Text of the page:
- Using UTMs for internal link tracking can devastate your analytics data
- Double-counting of sessions can occur when UTMs are used within your website
- Even when used correctly, it destroys GA’s native medium and source data, so you lose or break valuable information about where your audiences really came from
- Incompatible across multi-site ecosystems that you want to understand together
- Useless for outbound or download link tracking, fragmenting data about clicks between different tracking tools, and otherwise leaving you in the dark
There is a lot to love about GA’s native UTM codes, and sometimes they are still the right approach. Our new approach is inspired by the old way, yet seeks to improve upon them in a few key ways:
- Simplicity for your marketers and publishers, as they only need to add one special “code” to URLs, where UTMs require them to configure 3 or more
- Control over how your data gets used within Google Analytics, unlike UTMs which have uneditable mappings to GA dimensions
- Does not destroy GA’s native Source and Medium data, allowing you to preserve valuable information, like the page where referral traffic came from
- Can be used alongside existing UTM codes, allowing you to introduce it without existing tracking practices that remain valuable to your organization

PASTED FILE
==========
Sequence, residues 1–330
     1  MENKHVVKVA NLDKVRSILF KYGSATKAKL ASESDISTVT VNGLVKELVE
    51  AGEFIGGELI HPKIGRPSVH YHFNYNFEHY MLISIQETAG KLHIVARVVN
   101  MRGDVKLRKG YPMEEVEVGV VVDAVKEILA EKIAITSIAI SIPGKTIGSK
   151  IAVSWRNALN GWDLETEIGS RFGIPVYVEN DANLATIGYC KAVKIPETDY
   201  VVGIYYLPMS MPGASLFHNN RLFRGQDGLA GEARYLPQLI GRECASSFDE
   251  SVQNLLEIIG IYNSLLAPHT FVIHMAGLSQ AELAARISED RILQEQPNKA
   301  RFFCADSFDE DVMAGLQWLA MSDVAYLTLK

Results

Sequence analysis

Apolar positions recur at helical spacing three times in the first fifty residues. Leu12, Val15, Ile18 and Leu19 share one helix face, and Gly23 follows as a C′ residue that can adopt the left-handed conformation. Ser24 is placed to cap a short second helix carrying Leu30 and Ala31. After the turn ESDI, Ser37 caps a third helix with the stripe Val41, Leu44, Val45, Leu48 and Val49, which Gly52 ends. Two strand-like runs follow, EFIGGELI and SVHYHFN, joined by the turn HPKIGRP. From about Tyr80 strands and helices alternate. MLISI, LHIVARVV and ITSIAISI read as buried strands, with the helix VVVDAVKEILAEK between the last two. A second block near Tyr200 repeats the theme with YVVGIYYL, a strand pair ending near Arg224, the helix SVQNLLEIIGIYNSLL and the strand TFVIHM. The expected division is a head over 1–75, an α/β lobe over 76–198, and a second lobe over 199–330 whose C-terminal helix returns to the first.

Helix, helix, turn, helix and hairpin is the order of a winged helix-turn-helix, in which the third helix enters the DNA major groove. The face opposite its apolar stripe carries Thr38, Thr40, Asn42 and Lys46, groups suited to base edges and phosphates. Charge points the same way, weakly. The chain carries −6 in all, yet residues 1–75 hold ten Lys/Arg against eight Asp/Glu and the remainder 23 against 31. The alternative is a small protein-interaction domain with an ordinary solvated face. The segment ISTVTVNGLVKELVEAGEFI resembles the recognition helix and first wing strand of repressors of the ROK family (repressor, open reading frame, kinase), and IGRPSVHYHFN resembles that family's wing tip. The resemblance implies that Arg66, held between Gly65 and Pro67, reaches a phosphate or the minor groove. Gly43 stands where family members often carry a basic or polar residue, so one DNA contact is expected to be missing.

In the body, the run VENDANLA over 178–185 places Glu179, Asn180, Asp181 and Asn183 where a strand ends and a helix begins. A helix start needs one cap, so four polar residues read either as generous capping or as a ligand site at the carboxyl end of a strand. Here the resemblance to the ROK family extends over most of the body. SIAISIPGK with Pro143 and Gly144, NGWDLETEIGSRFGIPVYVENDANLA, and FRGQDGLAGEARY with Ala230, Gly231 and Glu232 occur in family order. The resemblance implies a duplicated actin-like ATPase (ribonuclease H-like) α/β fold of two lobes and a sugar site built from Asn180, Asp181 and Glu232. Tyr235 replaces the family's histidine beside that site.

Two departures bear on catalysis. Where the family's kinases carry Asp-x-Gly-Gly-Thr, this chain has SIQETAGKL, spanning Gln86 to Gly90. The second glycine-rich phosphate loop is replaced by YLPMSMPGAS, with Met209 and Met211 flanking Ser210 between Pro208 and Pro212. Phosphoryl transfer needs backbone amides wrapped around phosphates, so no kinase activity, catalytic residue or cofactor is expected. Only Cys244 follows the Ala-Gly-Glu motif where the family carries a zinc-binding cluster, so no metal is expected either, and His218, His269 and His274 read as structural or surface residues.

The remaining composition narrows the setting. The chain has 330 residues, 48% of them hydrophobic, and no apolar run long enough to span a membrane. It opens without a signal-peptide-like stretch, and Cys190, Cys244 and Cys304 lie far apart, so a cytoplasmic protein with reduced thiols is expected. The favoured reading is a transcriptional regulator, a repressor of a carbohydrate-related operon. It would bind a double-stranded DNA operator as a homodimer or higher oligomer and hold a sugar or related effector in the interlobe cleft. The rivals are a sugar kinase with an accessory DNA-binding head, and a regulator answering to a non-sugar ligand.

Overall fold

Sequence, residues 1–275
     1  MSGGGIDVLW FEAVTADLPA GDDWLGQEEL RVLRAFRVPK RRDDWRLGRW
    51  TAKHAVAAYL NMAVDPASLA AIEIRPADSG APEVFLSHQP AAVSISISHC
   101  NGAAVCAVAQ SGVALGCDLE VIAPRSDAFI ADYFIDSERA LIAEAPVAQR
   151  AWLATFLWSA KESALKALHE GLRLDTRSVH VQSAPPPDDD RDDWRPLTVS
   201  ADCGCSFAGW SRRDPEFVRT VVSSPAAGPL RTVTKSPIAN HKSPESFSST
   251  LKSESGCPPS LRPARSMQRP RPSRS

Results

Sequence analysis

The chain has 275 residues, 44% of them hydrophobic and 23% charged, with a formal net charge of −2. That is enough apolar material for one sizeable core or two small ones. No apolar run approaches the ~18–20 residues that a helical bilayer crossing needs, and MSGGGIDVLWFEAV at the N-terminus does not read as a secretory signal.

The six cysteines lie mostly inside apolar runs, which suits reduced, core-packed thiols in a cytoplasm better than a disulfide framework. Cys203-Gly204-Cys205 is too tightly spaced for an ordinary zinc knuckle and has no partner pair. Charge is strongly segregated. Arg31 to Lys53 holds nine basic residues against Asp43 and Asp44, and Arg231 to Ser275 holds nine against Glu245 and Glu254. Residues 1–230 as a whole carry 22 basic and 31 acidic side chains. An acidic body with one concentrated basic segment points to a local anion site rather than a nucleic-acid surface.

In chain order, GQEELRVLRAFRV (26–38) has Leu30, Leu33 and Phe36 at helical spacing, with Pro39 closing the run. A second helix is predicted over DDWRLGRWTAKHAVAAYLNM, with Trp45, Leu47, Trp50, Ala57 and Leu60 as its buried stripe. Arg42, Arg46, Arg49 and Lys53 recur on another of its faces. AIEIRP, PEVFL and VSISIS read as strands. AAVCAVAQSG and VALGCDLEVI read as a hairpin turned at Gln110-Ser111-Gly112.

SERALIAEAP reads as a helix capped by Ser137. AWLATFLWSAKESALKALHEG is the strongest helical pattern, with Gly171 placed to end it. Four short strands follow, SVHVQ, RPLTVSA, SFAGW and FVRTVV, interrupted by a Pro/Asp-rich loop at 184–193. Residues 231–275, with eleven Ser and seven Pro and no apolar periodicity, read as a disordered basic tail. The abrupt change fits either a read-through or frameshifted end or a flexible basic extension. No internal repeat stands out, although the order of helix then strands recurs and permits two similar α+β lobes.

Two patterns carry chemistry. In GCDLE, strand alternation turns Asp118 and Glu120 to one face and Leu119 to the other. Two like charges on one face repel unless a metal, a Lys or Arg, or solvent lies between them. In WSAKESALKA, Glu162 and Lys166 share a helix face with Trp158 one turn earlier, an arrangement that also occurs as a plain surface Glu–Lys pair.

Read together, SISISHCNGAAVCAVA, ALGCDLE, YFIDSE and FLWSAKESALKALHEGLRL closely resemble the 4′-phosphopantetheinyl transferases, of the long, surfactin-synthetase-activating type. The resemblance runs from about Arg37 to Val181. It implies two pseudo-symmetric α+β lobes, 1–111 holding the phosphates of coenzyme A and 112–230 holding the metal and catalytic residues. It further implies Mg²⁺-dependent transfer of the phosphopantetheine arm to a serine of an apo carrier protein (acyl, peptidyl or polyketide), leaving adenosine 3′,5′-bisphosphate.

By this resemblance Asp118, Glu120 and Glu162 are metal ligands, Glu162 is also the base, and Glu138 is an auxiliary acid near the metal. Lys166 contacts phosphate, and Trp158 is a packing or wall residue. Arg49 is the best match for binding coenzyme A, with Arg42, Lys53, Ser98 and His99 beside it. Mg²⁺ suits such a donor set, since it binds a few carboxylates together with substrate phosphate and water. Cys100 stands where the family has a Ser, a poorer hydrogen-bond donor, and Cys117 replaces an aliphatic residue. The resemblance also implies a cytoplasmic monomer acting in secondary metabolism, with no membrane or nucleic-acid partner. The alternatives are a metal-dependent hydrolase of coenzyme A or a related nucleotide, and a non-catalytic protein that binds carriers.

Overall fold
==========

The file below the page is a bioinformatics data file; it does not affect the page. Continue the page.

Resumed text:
- Adds the ability to track outbound and offline links to places where you have no tracking code (like PDFs, or external websites), which UTMs cannot do
How to know if this is something you should do?
This modern approach to tagging links in Google Analytics can solve a lot of problems in your data. But how do you know if you suffer from inefficient data reporting? You can start by searching through your “Acquisition” reports in Google Analytics. One sign something is awry, is the presence of non-standard medium source values.This very likely suggests the non-standard use of older tracking tools that can complicate analysis and destroy native tracking capabilities. Another red flag to look for are self-referrals within your data (traffic on your site, that comes from your site… huh?). This is a dangerous data situation that can also stem from bad link-tagging practice.
Perhaps more importantly, think about the work you and your team do, and consider how confident you are that your audiences are responding to your marketing the way you want them to. If you’d like to better demonstrate impact by measuring engagement with specific links and improve the precision of your data reporting, let us help you implement this link tagging approach!